Foreign material does slip through during production, but it’s rare and there are safeguards. E. coli, listeria or salmonella are another story. I’d be more worried about those than a random glove.

  42. jfischer says:

    At least the glove did not contain
    a severed hand.

    Could it be that some Foxglove was
    growing near the crop, and was
    inadvertently harvested?

  43. Suaveydavey says:

    The same thing happened to me yesterday, when I opened my Shotz beer.

  44. witeowl says:

    I, for one, welcome this salad packaged by the people who bring us Cracker Jack.

    Seriously, it’s a glove. It’s not a body part (human or rodent), and it’s big enough to be discovered before ingesting anything.

    Bring it back to the store for a replacement.

    Unless, of course, you’d rather drive attention to your new blog.

  45. Balisong says:

    Oh Jesus Christ, who cares!! Even if this isn’t a prank, it’s a glove! Imagine how many gloves touched that salad before it was brought to you! Lettuce isn’t grown in a sanitized lab. Shut up, wash it off, and eat it. Shame on you for posting this, Consumerist.

  46. Juliekins says:

    I can’t get too worked up about this type of thing. In fact, if this happened to me, I’d probably be excited. Think of all the coupons for free salad! Sure, it’s kind of gross, but it’s not like it’s a dead animal or pre-processed soylent green. I’d be far more upset about e. coli, really. That is a little tougher to see when you open the box.

    I’m a pretty big fan of Earthbound Farms salads and this isn’t going to dissuade me from buying their stuff. It’s so much better than the bagged salads I can’t even get over it. Yes, I *should* buy heads of lettuce and process them myself, but it’s just as likely I will forget to do that and then wind up throwing out whole heads of lettuce. Which is pretty lame.

  47. zentex says:

    @Redwraithvienna: Excellent use of common sense!

    Now if only the rest of the world would learn how to use it.

  48. Munsoned says:

    Gloves in your food processing industry? It’s more common than you think! Action plan: Call the company, get a coupon, chuck this box, (profit?), move on with life.

  49. Munsoned says:

    @Suaveydavey: WIN.

  50. Blueskylaw says:

    I once found a boxcutter under my cheese slices at a high quality, well run, family owned store. When I came in they looked at it, were very apologetic (apparently it was the brand of cutter they buy)replaced my cheese, gave me a gift certificate and sent me away with a smile. But what bothered me was that they did not want to take my name down when I offered it, as if they wanted there to be no record of what happened.

  51. apotheosis says:

    Well, who wants the TSA to start outlawing cheese?

  52. vladthepaler says:

    It’s the end of the world! Lettuce-packers are wearing gloves! It was so much healthier when they used their bare hands.. No, wait, that can’t be right. What was the problem again?

  53. flipx says:

    Slugs or plant aphids? Should check out how many are allowed per serving yum, kind of take the thrill of a glove to a who cares level. Have a happy!

  54. dugn says:

    Get thicker skin.

    Tipping off media outlets and posting on Consumerist and your blog at the same time you reach out to the manufacturer is just bad form. Too many litigious, ‘I’m so offended’ people here. Make a call to Tom’s earlier Sears folks before you get so offended.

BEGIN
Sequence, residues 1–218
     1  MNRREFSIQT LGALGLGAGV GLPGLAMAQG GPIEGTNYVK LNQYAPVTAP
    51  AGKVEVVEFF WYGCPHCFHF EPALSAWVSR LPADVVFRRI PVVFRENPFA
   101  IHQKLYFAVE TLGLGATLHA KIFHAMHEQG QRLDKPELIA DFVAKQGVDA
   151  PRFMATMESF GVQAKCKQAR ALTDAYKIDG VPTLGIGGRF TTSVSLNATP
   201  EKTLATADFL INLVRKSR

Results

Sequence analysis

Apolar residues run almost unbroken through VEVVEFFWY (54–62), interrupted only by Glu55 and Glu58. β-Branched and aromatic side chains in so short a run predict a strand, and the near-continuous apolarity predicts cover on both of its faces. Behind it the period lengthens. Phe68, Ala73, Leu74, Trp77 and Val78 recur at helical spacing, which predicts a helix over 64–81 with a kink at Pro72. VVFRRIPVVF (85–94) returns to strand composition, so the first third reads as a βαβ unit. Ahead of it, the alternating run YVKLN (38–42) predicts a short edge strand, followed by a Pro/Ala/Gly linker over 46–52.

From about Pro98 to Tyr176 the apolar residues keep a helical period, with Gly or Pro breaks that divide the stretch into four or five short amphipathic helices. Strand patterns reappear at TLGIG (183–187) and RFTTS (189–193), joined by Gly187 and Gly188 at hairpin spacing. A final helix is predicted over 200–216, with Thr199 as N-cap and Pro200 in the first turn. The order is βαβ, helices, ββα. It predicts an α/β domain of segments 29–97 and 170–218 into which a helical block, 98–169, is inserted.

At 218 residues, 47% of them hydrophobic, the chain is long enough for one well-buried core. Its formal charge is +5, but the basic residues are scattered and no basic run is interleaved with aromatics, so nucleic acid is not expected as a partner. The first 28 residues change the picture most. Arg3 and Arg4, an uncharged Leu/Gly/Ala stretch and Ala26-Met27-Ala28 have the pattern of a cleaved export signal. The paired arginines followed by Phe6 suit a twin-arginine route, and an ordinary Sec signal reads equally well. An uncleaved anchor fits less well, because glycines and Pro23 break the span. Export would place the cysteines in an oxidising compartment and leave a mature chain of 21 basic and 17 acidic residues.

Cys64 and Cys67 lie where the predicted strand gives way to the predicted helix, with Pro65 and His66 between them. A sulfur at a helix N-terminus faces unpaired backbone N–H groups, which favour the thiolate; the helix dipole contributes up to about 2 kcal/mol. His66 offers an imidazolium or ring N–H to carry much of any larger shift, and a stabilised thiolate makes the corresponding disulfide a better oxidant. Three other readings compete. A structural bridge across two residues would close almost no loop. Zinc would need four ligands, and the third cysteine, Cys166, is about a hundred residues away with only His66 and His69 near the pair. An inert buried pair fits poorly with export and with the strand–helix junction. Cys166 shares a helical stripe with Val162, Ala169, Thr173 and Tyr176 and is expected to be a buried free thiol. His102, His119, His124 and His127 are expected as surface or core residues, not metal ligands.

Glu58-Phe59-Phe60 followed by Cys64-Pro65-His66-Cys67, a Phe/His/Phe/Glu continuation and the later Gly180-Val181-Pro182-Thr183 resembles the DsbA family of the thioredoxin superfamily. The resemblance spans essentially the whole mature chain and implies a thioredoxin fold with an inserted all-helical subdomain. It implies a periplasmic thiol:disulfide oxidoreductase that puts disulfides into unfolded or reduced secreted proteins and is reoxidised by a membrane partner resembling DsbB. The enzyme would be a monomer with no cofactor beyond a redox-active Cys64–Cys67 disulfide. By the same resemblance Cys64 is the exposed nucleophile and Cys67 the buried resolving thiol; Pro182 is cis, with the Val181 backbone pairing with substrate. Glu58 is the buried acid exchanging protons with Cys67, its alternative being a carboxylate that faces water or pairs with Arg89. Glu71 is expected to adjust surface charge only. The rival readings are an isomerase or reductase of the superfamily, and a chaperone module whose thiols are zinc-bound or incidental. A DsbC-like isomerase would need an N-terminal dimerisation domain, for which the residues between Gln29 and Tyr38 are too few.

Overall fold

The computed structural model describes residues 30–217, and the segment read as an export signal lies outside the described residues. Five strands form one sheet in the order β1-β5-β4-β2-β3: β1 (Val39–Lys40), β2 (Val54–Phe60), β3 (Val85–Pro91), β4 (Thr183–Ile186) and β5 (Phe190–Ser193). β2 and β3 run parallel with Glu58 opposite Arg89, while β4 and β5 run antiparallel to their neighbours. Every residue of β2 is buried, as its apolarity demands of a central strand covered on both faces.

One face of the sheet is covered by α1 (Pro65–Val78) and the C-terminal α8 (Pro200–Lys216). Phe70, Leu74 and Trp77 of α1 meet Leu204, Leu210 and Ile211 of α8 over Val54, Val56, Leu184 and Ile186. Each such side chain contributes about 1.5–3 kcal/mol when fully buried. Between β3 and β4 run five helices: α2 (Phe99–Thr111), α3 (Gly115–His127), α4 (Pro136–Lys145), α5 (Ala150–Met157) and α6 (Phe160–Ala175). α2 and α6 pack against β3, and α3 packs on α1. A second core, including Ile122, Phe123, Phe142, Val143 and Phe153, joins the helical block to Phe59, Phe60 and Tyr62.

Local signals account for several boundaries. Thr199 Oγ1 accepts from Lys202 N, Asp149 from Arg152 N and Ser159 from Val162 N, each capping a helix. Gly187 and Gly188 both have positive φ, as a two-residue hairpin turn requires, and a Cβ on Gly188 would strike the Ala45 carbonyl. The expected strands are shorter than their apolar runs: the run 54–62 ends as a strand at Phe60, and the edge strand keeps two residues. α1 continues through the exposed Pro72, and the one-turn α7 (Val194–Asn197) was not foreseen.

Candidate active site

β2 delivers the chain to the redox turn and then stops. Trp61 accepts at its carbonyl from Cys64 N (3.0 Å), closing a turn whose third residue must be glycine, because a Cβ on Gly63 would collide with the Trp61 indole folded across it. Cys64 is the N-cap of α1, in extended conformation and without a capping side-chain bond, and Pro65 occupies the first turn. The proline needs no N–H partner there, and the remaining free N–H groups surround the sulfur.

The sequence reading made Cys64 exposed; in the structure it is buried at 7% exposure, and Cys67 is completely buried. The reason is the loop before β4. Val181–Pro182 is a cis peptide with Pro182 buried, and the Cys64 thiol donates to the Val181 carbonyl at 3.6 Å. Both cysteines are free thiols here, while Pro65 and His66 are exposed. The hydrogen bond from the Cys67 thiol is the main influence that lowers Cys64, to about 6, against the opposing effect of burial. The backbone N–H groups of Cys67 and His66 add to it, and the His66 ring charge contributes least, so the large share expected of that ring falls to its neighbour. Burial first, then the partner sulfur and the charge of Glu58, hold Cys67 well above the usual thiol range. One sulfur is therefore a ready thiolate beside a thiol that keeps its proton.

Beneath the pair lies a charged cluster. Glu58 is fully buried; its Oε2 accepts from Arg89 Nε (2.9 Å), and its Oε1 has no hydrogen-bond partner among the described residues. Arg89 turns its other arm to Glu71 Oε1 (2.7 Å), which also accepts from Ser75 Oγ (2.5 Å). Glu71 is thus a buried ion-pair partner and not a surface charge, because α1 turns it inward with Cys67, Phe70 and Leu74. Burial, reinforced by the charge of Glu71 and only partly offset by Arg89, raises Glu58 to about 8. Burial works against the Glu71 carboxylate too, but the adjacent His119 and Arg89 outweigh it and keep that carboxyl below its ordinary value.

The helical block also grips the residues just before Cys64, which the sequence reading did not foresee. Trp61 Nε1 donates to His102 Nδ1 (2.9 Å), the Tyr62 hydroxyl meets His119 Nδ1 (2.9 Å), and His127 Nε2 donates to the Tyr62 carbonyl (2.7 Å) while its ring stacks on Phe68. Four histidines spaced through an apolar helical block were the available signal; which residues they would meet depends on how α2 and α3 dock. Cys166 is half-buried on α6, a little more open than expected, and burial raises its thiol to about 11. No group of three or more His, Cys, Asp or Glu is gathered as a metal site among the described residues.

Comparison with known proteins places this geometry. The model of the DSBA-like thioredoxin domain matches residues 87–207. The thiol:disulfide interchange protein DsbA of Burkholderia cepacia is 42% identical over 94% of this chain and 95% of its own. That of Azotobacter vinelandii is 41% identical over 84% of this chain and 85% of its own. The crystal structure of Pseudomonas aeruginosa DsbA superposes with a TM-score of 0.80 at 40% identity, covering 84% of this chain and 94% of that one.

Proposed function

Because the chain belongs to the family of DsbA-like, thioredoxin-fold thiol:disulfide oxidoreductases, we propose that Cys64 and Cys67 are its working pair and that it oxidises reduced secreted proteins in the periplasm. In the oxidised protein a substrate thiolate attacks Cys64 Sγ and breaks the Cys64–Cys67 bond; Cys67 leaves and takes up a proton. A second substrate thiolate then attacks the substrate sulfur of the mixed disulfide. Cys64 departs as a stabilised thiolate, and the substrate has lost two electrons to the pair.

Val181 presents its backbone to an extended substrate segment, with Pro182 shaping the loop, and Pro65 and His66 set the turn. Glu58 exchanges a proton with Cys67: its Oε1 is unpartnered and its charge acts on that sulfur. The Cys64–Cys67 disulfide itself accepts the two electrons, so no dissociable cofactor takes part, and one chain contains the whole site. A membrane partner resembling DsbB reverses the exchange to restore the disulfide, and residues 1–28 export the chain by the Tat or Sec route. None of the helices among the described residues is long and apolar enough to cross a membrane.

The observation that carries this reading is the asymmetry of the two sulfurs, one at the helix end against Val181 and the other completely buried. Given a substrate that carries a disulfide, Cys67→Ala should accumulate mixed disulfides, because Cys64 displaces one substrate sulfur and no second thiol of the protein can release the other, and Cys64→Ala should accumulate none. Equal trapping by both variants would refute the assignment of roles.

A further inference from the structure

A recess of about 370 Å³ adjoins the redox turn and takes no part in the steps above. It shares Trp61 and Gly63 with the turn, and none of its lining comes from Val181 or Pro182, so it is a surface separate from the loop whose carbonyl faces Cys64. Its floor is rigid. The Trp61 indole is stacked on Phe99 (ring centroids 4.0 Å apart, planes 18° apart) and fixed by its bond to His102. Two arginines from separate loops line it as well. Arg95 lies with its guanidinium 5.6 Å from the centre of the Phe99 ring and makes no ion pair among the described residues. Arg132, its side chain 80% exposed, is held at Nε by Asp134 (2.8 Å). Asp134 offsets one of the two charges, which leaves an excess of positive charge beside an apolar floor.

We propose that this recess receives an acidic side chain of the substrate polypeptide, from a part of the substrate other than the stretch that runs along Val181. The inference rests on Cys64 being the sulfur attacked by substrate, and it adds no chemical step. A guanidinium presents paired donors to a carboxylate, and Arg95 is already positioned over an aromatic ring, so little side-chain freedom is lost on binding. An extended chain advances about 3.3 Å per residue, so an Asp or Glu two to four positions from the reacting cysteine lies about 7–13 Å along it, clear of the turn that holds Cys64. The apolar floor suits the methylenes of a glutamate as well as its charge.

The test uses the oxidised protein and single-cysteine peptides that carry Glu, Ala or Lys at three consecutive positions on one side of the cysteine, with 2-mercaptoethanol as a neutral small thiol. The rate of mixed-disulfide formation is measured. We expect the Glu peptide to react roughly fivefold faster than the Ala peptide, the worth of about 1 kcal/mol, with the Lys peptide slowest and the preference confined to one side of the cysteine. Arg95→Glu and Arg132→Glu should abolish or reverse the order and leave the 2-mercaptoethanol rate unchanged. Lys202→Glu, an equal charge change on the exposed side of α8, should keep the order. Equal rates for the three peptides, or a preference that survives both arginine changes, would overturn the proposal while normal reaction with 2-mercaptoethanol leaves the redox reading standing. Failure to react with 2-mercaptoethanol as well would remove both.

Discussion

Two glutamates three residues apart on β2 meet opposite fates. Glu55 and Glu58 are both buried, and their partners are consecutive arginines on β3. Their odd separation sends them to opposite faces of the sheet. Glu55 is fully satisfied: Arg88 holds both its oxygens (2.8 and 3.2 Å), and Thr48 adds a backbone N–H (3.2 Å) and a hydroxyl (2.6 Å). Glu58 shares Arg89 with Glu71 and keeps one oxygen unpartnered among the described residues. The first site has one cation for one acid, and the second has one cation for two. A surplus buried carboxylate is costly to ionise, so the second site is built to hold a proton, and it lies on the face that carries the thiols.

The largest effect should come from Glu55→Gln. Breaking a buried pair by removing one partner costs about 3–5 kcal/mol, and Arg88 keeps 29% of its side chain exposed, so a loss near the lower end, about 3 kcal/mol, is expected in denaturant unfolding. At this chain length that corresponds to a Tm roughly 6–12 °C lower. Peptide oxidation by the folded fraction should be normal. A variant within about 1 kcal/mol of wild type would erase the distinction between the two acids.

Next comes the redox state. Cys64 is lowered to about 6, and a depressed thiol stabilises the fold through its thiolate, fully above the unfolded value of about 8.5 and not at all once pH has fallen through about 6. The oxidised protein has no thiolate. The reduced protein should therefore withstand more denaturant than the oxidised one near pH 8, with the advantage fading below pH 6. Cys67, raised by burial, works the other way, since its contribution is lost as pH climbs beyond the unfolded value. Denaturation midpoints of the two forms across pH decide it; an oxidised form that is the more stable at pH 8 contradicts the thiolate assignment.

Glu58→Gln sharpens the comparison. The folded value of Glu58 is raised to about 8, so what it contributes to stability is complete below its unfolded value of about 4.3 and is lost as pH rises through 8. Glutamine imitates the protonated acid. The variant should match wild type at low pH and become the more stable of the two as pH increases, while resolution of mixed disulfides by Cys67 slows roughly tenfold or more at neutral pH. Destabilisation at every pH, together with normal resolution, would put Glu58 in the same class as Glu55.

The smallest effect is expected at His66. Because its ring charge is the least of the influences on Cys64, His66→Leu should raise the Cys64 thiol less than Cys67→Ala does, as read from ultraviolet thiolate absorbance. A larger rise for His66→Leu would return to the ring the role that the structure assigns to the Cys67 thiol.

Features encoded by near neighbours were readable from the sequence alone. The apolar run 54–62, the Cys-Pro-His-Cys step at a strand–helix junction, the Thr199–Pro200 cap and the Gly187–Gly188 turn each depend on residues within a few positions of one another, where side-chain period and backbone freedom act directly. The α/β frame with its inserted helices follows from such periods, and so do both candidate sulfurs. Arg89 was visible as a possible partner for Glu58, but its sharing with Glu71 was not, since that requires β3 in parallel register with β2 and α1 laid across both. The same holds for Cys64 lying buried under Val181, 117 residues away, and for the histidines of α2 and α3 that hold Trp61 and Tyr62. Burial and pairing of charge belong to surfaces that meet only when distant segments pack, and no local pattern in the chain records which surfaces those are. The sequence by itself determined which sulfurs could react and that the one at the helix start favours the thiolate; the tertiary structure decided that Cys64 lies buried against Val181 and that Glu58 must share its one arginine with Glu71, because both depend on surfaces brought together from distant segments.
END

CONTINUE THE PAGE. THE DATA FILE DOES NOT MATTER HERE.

Stuff happens. At least it wasn’t a dead animal.

    Anyone scarred for life from this needs a good spanking.

  55. Shutaro says:

    @defeatism: Because clearly Comcast is to blame for this, somehow…

  56. Hanke says:

    @sschristie: Yeah, that was the same thought I had, the glove looks clean and dry, to clean and too dry to have been in that salad for very long at all. I want DNA evidence!

  57. boss_lady says:

    @Kiamat: I think the point is protecting the consumer, not holding a trial as to whether or not one consumer would go to the trouble of making up a story and planting false evidence. Just sayin’.

  58. I didn’t ask for apparel to be included with my salad, nor did I plant it there. I certainly didn’t ask for the consumerist to link my blog, if I wanted you to know about my blog you would have known about it already. My aspirations are much more grand than to garner your readership, and those aspirations don’t involve this blog. I contacted the consumerist because I truly thought you might appreciate the heads up. Of course I am not naive, I expected detractors. What I didn’t expect was so many Sherlock Holmes’ on the case. Some of your reasoning and logic is downright pathetic. I also assure you mortified was the word I intended to use. Fork through your dinner some night and find a tiny grey wool glove after a long day in an exhausting city. My one moment to unwind and enjoy a scant dinner after a day of commuting and walking and move making. I realize most of you couldn’t begin to understand the logistics of living (and eating) in the city, its easy to plop your overgrown asses into your cars and order a #1 at McDonalds. I actually expended effort and energy into obtaining said salad, I expected to be rewarded for that expenditure. Try putting yourself in my shoes; or jeans for that matter, and let me know if you don’t feel a bit mortified (humiliation, wounded pride) when your dinner is someone’s dirty glove. Making sure people don’t feel this way is the whole point of The Consumerist, people who work hard and expect quality products that they can consume via their earned dollar bill. I’d love to hate on you as much as you hated on me in your comments but I resist and I am done, and awash with apathy.